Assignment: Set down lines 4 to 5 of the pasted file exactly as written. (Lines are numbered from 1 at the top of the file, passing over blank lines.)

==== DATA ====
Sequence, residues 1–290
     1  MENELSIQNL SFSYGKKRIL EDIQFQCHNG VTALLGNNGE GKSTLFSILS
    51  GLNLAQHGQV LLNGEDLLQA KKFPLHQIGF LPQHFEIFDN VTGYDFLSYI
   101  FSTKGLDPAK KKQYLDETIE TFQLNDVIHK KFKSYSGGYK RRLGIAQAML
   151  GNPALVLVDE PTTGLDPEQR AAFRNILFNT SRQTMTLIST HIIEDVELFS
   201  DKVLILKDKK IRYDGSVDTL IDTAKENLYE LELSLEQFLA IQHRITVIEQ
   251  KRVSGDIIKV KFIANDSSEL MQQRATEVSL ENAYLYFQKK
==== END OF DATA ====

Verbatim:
   101  FSTKGLDPAK KKQYLDETIE TFQLNDVIHK KFKSYSGGYK RRLGIAQAML
   151  GNPALVLVDE PTTGLDPEQR AAFRNILFNT SRQTMTLIST HIIEDVELFS